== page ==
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The world’s first laptop video PowerPoint presentation 25 February 1992

The world’s first laptop video PowerPoint presentation 25 February 1992


The very first public use of a laptop to project video from PowerPoint took place on 25 February 1992, at the Hotel Regina, in the Place des Pyramides, Paris (across from the Tuileries). With a laptop casually under my arm, I entered at the back of a ballroom filled with hundreds of Microsoft people from the European, Middle Eastern, and African subsidiaries. I walked through the audience carrying the laptop, up to a podium at the front; there I opened the laptop, and plugged in a video cable on the lectern. I began delivering a presentation to introduce PowerPoint 3.0 for Windows, using PowerPoint 3.0 running on the laptop feeding video out to a projector the size of a refrigerator which put the "video slides" onto a huge screen behind me. No one had ever seen PowerPoint running on a portable computer before, let alone being used to produce a real-time video show in color with animated builds and transitions. The audience, all Microsoft people who talked to customers frequently, grasped immediately what the future would bring for their own presentations; there was deafening applause.

Years of use




The computer hardware was only barely there. I was using an early-production color notebook computer (from Texas Instruments) with 640x480 256-color screen and video out, and sufficient CPU to do graphics. We managed to get hold of two such machines in the U.S., which we loaded with Windows 3.1 Release Candidate 1 and PowerPoint 3.0 Alpha 1, plus a presentation about PPT 3.0. (The unreleased Windows 3.1 was required in order to use TrueType fonts and to include audio and video, as well as for many other graphics improvements which PowerPoint 3.0 would rely upon.) The two machines were hand-carried on separate airplanes to Paris, since no similar machines were available anywhere in Europe. The entire day Monday 24 February 1992 was spent in the ballroom of the Hotel Regina with a staff of local audio-visual consultants installing and trouble-shooting the massive video projector (the only kind that then existed). Testing and tweaking went on far into the night, but on Tuesday morning, I could “casually” carry my laptop up to the front, plug in the video cable, and start my PowerPoint. The demo went off without a hitch.

Similar demonstrations were given in the U.S. and in other parts of the world over the next three months. Windows 3.1 was shipped in April 1992 and PowerPoint 3.0 immediately followed in May 1992; in response many notebooks with color and video were shipped later that same year.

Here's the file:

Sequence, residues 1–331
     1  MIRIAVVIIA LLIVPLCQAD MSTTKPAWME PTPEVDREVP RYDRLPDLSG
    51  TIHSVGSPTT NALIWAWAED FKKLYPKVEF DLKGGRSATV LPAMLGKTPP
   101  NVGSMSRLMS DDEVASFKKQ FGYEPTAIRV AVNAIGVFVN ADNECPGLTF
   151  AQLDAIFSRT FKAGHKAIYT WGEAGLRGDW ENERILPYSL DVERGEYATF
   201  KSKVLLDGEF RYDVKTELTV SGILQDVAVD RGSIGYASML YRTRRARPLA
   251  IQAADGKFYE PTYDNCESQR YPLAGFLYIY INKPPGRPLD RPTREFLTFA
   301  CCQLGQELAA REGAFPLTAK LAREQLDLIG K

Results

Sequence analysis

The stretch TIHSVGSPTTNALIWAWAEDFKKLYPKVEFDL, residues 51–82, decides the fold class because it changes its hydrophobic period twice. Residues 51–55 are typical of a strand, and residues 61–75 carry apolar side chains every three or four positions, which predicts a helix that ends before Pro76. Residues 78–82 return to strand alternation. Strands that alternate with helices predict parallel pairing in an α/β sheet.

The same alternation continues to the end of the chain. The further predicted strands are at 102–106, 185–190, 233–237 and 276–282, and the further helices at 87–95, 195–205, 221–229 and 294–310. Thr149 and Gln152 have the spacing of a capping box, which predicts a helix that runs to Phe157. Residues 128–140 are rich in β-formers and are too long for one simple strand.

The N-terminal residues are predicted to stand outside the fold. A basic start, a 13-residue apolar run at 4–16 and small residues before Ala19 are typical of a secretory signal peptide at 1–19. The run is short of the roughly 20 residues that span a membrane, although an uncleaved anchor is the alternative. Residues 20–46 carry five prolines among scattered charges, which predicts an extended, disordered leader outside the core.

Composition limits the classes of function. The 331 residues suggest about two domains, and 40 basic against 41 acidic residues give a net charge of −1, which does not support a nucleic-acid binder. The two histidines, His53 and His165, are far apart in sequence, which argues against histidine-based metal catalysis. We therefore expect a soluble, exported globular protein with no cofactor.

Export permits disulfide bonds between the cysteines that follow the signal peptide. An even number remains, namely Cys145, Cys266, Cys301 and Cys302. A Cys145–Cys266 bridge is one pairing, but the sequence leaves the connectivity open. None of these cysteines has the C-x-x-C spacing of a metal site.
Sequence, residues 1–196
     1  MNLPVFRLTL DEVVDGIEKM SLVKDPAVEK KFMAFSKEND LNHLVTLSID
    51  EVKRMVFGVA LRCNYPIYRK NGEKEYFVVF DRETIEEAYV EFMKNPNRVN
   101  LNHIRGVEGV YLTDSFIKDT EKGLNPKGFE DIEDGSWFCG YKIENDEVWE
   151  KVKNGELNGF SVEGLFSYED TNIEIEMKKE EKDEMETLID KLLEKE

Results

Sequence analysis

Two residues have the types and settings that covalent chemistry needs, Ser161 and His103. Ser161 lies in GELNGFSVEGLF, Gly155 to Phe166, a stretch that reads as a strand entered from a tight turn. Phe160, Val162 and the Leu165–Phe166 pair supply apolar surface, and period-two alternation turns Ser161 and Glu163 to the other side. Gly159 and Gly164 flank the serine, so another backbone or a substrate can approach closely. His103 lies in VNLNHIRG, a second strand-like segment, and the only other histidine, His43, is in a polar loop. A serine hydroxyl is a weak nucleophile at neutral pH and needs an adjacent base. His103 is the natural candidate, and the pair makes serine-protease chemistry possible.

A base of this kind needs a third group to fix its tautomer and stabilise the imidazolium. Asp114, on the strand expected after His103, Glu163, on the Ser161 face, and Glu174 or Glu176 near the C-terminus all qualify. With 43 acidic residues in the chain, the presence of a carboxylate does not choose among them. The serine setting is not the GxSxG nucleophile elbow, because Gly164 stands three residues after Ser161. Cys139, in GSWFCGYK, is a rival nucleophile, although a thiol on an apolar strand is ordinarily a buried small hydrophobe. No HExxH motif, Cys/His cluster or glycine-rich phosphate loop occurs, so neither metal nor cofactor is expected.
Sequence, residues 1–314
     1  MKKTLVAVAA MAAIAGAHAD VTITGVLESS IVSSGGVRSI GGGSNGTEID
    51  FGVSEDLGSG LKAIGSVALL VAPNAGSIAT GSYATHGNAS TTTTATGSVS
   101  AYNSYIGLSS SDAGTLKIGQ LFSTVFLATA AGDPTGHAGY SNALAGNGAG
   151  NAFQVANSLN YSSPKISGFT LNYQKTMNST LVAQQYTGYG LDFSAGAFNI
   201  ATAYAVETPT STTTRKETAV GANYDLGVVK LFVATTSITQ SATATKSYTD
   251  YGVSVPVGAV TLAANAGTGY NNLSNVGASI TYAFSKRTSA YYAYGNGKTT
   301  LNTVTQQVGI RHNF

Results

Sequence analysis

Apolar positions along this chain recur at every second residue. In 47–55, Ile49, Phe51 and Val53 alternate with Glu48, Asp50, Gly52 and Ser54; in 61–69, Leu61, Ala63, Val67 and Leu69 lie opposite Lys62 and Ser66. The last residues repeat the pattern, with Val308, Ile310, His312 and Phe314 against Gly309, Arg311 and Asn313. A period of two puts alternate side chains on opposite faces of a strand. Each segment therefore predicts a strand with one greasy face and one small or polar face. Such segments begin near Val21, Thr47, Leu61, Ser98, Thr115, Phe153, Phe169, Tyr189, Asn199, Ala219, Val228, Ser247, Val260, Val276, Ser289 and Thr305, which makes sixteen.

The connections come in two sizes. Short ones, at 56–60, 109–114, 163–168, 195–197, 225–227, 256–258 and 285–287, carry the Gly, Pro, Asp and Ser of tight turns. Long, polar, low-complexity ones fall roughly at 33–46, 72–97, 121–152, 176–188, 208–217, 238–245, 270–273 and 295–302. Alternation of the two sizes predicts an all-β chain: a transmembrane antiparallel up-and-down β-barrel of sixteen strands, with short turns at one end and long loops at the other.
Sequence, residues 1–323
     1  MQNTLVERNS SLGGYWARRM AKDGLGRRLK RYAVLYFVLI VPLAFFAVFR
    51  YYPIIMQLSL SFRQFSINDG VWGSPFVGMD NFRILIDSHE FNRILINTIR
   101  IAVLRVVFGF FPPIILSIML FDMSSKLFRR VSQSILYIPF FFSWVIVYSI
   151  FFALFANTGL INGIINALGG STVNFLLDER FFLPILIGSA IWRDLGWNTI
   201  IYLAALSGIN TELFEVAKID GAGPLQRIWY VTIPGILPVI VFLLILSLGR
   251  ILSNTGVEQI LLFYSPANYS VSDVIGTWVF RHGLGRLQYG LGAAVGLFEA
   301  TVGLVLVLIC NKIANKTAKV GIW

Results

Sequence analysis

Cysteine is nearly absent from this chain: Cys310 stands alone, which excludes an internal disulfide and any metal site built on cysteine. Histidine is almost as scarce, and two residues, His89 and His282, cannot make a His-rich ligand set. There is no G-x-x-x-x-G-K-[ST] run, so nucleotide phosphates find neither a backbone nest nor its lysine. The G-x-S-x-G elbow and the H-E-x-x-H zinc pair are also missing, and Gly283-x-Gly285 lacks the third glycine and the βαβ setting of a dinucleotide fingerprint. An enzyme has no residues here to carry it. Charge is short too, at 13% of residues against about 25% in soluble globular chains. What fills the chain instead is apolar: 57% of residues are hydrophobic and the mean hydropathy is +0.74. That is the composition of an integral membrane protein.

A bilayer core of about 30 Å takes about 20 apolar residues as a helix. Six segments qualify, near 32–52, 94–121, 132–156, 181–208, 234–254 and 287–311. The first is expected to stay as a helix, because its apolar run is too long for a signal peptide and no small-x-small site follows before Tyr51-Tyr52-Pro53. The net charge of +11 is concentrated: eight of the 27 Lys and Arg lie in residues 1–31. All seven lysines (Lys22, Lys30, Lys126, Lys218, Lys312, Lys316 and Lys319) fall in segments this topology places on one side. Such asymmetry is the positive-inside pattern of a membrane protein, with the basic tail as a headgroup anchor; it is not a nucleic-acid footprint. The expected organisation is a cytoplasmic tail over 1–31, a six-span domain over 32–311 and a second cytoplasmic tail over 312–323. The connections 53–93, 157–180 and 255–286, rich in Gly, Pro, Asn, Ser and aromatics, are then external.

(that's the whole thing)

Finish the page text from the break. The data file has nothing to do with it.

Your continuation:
Video slideshows projected from a laptop computer were initially possible only for presenters in specialized venues using professional equipment, but as new video projectors that were small, bright, and inexpensive gradually became available over the next several years this became the most popular PowerPoint presentation format for everyone, and eventually it displaced traditional overheads and 35mm slides. Within a few years what had been a unique demo would become a commonplace worldwide in auditoriums and large corporate conference rooms and then would become ubiquitous in small meeting rooms in businesses of all kinds during the tech boom of the late 1990s. All this was predicted in my strategy documents from the mid-1980s; what was unexpected was that the same hardware would also extend PowerPoint use into university teaching, children’s school reports and science fair projects, sermons in churches, super-titles for opera houses, and many other uses that its creators had never imagined.

The slides I used to demonstrate PowerPoint 3.0 included the device of a notional proposal being made to Queen Isabella by Christopher Columbus seeking financing to sail to America; this presentation had been designed for us by our partner Genigraphics in several formats, including video.

The Columbus theme was used in all our marketing materials, packaging, and demos worldwide beginning with Forethought PowerPoint 1.0 in 1987 through PowerPoint 3.0 in 1992–1993, and in consequence the GBU celebrated Columbus Day, the second Monday in October, as a business-unit holiday. The last use of the theme for the 1992–1993 launch of PowerPoint 3.0 coincided with the 500th anniversary of Columbus’s voyages to America, so the ship awards incorporated U.S. Columbian half-dollar coins minted for the Columbian Exposition exactly a century earlier in 1892 (Windows ship) and 1893 (Mac ship).

The inspiration to create a presentation for Columbus’s project came from the best book I know about how to make presentations, Moving Mountains: The Art of Letting Others See Things Your Way,by Henry M. Boettinger (New York and London: Macmillan, 1969, frequently reprinted but now out of print). Because Boettingerwrote twenty years before PowerPoint was invented, he focuses on the communication techniques without being distracted by the irrelevant mechanics of any software application.



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